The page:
A 21-14 third quarter in the Koreans’ favour narrowed the gap, but the Opals continued to employ the second unit in the opening stages of the final term with the Australians’ lead still well in excess of 20 points. It didn’t take long for Allen and Talbot to be injected back into the lineup, and the Opals actually played the final six minutes with their starting lineup on the floor, which is certainly not something to be expected from a team that led by 31 at halftime, and against an opponent resting their only true interior presence and best player. But with Korea employing a zone and the Opals struggling at times to break down the defence, Brondello clearly felt that the best chance of success was to go back to the starters, particularly as Korea edged back within 15 midways through the final term.
It wasn’t all doom and gloom for the players coming off the bench, though. Maddison Rocci had a blistering start after coming on during the first quarter to post three quick assists and maintain the Opals’ energy at the offensive end. Meanwhile, Wallace finished with five assists and zero turnovers alongside her three points and four rebounds whilst also providing her trademark hard-nosed defence in her 12 minutes on court, staking her claim for a World Cup roster spot. Similarly, Garbin took full advantage of her spot in the starting lineup, posting 11 points, 9 rebounds and 3 assists as she looks to edge her way up the pecking order. It is worth remembering that this Opals roster still has Ezi Magbegor to return, who is a lock to take up one spot, which only causes further congestion in the fight for positions in the team for Sydney.
Although Korea did trim the margin to 15 at one point, the Opals held firm for a 79-61 win to finish their week in Belgrade with a 2-1 record. Intriguingly, given Korea’s abject start to the game, they actually finished the game with better three-point numbers than the Opals, shooting 9-26 to Australia’s 8-27. A rebound count of 57-26 rendered almost all other stats moot in the context of this single game, but losing the turnover count 19-13 will irk Brondello in terms of long-term progress. Particularly annoying will be the number of those turnovers that came from offensive fouls on moving screens. Perhaps a couple of these calls were questionable, and had no tangible impact on this result, but throwing away a few possessions could make a massive difference in a closer game, and better teams will take advantage of those opportunities. Fortunately, that is an easier issue to work on than most others.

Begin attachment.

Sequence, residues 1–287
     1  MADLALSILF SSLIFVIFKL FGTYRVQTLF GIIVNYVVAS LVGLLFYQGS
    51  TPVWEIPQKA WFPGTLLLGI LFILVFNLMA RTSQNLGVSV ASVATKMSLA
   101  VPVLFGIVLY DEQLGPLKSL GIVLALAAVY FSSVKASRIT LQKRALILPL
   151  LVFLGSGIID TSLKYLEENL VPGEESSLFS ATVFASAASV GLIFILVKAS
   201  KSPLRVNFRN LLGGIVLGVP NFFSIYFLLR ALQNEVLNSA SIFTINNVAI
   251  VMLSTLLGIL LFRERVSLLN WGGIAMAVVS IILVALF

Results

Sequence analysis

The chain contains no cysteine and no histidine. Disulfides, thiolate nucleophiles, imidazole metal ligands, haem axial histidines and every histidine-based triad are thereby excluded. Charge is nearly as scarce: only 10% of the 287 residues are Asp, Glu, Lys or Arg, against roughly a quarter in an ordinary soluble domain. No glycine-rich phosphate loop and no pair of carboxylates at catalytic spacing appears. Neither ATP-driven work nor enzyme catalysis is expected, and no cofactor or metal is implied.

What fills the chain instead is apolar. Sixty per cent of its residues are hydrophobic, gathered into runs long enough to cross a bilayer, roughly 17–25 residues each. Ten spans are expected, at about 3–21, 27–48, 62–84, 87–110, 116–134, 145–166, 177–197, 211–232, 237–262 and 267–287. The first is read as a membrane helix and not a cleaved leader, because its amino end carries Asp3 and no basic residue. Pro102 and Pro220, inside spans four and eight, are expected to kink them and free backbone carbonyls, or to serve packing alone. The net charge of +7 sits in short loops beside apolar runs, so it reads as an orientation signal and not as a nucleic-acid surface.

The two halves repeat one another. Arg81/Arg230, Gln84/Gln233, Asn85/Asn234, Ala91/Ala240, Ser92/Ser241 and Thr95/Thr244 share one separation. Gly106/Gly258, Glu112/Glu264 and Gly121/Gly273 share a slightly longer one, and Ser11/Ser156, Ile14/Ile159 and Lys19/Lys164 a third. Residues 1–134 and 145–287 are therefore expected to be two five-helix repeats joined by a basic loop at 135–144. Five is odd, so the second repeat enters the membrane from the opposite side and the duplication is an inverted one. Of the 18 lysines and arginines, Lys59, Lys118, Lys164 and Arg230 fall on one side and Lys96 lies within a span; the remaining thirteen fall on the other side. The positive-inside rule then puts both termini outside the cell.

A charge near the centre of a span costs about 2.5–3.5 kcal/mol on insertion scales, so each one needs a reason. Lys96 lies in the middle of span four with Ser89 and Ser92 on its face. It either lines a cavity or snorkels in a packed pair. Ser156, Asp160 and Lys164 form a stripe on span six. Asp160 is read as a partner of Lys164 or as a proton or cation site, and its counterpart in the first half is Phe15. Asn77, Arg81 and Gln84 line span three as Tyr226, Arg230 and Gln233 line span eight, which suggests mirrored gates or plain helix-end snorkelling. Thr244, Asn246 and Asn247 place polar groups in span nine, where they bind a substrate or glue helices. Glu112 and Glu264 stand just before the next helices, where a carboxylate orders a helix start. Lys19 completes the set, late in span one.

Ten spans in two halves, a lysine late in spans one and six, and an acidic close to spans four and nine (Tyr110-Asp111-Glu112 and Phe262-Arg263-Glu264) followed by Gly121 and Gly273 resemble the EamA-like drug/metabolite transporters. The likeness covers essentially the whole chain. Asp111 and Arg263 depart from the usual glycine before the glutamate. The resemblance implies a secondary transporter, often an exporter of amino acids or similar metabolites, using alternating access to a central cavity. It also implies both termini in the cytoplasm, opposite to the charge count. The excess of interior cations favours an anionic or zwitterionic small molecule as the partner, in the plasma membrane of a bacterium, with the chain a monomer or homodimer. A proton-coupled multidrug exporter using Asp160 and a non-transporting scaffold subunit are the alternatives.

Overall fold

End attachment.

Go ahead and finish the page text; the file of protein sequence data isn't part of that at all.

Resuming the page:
Not only did the Opals finish the day with a win, Sami Whitcomb earned a spot in the All-Star Five for the tournament. The Opals captain was instrumental throughout, leading by her actions and posting 13.7 points, 4.3 assists, and 2.3 rebounds per contest, shooting 55.6% from the field in the process. After years of having her chances to play for her adopted homeland limited by a combination of Leilani Mitchell and FIBA’s naturalised player rule, Whitcomb now looks set to lead the Opals’ charge at a home World Cup.
In the end, whilst a 2-1 record is a decent enough outcome for the Opals, there may have been as many questions posed as answered with regards to the final makeup of the World Cup squad. Players on the fringe of the roster will be absolutely belting down the door during the remainder of the WNBL season, and with precious few of the newer players in the squad staking a real claim at a spot, there are definitely still a number of spots yet to be locked in. However, with the WNBL season being shortened to 16 games, time is running out to make a late run at a World Cup spot.
Let the speculation begin.